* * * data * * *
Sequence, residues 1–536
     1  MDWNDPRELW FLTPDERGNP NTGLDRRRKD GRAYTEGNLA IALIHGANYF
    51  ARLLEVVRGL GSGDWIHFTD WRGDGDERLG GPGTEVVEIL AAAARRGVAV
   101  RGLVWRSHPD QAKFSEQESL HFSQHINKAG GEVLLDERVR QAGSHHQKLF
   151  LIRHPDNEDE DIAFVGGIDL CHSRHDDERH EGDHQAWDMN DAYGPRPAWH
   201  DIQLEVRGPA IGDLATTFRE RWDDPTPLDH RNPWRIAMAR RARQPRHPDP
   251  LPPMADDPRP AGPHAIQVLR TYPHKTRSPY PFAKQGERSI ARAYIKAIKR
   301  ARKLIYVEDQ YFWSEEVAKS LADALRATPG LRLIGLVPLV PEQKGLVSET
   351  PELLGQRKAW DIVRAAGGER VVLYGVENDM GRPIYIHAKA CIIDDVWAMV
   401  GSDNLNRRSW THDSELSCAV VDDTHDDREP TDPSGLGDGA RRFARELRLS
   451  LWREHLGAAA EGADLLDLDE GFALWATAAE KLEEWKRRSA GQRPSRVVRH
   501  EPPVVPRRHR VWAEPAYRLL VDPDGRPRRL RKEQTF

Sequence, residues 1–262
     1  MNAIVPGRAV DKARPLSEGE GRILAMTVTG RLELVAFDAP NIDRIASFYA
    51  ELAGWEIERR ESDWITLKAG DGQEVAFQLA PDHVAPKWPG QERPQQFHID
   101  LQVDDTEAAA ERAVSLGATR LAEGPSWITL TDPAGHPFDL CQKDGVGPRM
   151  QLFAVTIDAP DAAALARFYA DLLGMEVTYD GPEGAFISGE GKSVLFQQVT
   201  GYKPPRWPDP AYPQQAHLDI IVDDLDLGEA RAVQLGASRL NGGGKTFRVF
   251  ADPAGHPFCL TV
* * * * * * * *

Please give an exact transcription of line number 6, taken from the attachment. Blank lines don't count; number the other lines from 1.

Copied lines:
   201  DIQLEVRGPA IGDLATTFRE RWDDPTPLDH RNPWRIAMAR RARQPRHPDP